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#1
So there's this song in the key of G. The chords being played are E5 followed by C5. The guitars are tuned down a half step.

Now...I thought I be able to solo over this using the G minor pentatonic (original, I know ), since it's in the key of G. This would mean the type 1 box would start at the root note, G, at the 4th fret, e string.

However, it sounds awful.

What am I doing wrong?

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#2
Try picking the right scale. How did you come to pick G minor?
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#4
The guitars are tuned down therefore the root note you are starting on is different, could that be it?
#6
How do arrive at picking a 'correct' scale?

Sorry, I'm a noob at theory...

EDIT-

Here's a screenshot.


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Last edited by Volta_91 at Feb 23, 2008,
#8
Quote by pepsi1187
and if your playing E and C.. then why are you playing G.

Maybe because its in the key of G
#9
If you are playing E and C its in Eminor or Gmajor...and the 4th fret is a Gsharp..so u would need to start on the 3rd fret...
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#11
Quote by Bigdave9576
If you are playing E and C its in Eminor or Gmajor...and the 4th fret is a Gsharp..so u would need to start on the 3rd fret...


Tuned half step down.

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#12
E minor is exactly the same scale positions as Gmajor..dont listen to that guy.....u just have to resolve onto different notes
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#13
Yeah but your rhythm guitar is also tuned half a step down no? so u dont need to compensate for it with the lead guitar
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#14
4th fret would =G and 5th would b G#
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#15
Quote by Bigdave9576
E minor is exactly the same scale positions as Gmajor..dont listen to that guy.....u just have to resolve onto different notes


Scales aren't positions, they're collections of notes. E minor and G major have completely different intervals and completely different tonal centers. They are not the same thing.
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#16
E minor is not the same as G major. Seriously, whoever thinks otherwise is a tool. Use the searchbutton if you want to know why because I'm getting sick and tired of explaining it.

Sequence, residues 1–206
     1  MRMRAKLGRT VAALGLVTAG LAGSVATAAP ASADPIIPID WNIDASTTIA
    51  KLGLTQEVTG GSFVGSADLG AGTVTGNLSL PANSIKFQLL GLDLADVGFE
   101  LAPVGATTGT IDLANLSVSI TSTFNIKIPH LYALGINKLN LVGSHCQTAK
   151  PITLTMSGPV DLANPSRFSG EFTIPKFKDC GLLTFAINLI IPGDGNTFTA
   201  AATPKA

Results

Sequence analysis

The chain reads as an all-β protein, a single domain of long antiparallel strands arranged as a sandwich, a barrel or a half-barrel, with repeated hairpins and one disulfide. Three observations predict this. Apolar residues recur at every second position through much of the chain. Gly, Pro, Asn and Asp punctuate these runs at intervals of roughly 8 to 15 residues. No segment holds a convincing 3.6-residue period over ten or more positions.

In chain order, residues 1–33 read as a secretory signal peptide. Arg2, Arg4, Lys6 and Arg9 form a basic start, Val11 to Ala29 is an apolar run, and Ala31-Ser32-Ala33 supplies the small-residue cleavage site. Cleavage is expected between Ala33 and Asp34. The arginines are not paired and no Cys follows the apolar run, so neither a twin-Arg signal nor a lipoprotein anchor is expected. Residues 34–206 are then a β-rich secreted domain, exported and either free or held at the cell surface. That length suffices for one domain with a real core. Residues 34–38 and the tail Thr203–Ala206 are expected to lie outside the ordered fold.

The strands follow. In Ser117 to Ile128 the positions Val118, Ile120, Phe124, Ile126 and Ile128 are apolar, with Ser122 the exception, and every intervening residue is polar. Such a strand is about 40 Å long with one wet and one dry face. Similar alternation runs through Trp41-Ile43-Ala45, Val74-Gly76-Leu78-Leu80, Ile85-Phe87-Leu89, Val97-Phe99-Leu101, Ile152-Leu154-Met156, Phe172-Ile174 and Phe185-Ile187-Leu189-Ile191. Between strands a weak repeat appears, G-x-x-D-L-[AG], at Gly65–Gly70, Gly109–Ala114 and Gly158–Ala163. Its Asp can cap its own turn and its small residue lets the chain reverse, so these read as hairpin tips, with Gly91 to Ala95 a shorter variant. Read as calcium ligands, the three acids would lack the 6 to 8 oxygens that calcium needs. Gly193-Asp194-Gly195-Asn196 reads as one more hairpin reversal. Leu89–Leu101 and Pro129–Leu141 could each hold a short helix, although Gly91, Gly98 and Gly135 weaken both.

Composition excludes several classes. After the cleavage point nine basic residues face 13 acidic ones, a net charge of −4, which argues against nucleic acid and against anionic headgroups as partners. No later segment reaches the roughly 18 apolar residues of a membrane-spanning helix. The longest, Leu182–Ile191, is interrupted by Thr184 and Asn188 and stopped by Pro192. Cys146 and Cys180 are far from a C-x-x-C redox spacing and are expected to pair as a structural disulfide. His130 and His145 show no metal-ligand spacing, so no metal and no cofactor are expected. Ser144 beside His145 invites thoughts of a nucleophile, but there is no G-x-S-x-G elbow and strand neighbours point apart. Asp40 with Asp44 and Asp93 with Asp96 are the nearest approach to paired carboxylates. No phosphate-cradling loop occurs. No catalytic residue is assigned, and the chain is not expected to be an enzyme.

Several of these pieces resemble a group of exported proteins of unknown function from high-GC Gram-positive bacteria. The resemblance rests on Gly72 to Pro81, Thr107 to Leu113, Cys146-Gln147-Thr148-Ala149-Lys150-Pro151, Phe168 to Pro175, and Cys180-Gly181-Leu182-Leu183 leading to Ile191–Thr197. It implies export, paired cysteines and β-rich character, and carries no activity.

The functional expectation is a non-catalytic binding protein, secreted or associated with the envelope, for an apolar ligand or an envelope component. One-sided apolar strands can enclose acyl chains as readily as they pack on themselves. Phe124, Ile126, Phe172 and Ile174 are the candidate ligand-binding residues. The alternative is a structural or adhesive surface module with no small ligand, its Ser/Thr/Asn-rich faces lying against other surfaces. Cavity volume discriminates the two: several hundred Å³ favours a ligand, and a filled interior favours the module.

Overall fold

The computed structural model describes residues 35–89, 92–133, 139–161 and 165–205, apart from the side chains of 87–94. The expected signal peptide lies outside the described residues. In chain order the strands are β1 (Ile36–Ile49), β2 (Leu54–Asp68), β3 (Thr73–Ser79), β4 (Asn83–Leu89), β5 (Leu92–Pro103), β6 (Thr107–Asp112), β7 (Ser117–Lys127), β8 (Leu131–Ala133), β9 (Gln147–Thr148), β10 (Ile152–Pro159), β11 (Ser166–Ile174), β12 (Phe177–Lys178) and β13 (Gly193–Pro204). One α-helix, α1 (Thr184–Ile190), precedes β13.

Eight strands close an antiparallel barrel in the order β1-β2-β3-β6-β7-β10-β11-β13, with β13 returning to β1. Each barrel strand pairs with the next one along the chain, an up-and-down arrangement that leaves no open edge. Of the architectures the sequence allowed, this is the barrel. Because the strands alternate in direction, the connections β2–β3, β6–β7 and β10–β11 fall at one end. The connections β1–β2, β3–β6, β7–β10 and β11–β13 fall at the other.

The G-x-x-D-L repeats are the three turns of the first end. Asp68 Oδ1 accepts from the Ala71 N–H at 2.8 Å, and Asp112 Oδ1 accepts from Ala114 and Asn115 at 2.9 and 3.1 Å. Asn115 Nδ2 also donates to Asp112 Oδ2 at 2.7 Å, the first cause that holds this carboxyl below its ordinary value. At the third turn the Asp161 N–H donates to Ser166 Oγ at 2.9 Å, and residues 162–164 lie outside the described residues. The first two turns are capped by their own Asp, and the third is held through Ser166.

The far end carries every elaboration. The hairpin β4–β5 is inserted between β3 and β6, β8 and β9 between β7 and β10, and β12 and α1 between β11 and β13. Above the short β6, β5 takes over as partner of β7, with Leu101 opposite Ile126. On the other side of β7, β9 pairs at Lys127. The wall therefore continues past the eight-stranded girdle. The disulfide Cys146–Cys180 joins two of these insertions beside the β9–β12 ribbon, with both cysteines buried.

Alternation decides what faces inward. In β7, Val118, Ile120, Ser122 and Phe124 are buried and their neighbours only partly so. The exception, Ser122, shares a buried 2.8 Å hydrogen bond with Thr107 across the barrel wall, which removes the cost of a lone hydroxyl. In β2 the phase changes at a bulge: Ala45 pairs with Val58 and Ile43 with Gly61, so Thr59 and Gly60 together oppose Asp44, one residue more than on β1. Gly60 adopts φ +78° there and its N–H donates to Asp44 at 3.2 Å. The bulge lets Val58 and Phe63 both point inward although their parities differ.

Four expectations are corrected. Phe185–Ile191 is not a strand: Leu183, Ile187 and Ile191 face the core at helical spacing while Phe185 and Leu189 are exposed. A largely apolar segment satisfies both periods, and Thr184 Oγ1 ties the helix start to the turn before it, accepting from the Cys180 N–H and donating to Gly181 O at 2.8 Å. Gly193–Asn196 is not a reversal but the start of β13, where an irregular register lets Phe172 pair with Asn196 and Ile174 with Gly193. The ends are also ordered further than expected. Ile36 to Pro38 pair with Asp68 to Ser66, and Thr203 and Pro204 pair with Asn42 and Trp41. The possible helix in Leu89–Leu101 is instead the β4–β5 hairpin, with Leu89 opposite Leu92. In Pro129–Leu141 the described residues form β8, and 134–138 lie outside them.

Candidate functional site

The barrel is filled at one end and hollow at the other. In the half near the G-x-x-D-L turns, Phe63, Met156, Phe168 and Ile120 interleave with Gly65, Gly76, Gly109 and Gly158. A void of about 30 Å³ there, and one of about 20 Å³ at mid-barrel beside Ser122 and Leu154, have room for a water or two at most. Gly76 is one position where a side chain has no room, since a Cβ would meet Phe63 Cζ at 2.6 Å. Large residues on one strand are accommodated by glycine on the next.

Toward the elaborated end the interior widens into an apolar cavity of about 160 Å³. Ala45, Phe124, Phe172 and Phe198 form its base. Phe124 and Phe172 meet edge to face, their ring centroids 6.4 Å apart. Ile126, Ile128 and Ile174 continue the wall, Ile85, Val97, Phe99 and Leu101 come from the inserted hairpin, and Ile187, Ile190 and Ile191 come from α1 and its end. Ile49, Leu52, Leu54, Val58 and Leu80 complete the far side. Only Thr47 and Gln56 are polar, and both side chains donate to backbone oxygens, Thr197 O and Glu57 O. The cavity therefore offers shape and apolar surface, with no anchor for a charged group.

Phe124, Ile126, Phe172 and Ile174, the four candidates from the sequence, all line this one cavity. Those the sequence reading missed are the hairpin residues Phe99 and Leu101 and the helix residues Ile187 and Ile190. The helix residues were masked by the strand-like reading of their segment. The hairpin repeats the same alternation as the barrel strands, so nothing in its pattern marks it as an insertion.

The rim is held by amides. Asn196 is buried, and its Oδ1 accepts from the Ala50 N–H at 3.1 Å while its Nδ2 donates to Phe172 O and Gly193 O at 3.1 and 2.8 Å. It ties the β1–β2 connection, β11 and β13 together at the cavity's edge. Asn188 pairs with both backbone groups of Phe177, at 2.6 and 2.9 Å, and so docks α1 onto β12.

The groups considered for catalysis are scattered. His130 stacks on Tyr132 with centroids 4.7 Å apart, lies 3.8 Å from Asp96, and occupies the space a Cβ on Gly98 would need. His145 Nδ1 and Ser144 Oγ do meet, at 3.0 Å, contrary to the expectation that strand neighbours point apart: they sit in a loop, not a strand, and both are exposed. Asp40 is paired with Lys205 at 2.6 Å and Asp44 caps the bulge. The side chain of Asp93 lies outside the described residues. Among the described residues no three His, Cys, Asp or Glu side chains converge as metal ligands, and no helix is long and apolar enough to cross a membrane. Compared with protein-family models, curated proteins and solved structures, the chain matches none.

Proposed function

As a starter, I recommend the MT Sticky FAQ.
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#17
Quote by Bigdave9576
E minor is exactly the same scale positions as Gmajor..dont listen to that guy.....u just have to resolve onto different notes
If you're referring to me: Scales are not positions you dumb fucking fucky fuck! E Minor and G major are very very different.

If you're not referring to me: You're still not right, but my apologies for the mean-speak.
#18
Quote by Bigdave9576
Yeah but your rhythm guitar is also tuned half a step down no? so u dont need to compensate for it with the lead guitar


There aren't really any rhythm guitars. Just 2 lead, tuned half step down.

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#19
Quote by bangoodcharlote
Is the song just E5 and G5? If so, you're in E minor, not G major, and they're most definately NOT the same.



E minor and G major are the same thing buddy... read a book.

and E5 isnt E minor. there aint no indication anywhere that its in the key of G. . added to the fact that your playing E and C
#20
Of course they are not the same things theoretically..but to someone who is new to guitar...if he plays the same scale boxes (the E minor ones) then he will be exactly in key for Gmajor.....dont over complicate it...damnit
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#21
Quote by pepsi1187

and E5 isnt E minor. there aint no indication anywhere that its in the key of G. . added to the fact that your playing E and C


Doesn't one sharp symbol on the staff mean it's in the key of G?

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#22
Quote by Bigdave9576
Of course they are not the same things theoretically..but to someone who is new to guitar...if he plays the same scale boxes (the E minor ones) then he will be exactly in key for Gmajor.....dont over complicate it...damnit


We're not over complicating it, you're just dumbing it down to such a ridiculous extreme that it's no longer accurate.
Someones knowledge of guitar companies spelling determines what amps you can own. Really smart people can own things like Framus because they sound like they might be spelled with a "y" but they aren't.
#23
They're not the same things in practice, either. They're very different in application, even though they contain the same notes.

TS, anything you consider to be a G major scale position, you can use. You'll just find yourself resolving to E more than G.

I'm not even going to respond to the ignorance of that Pepsi guy.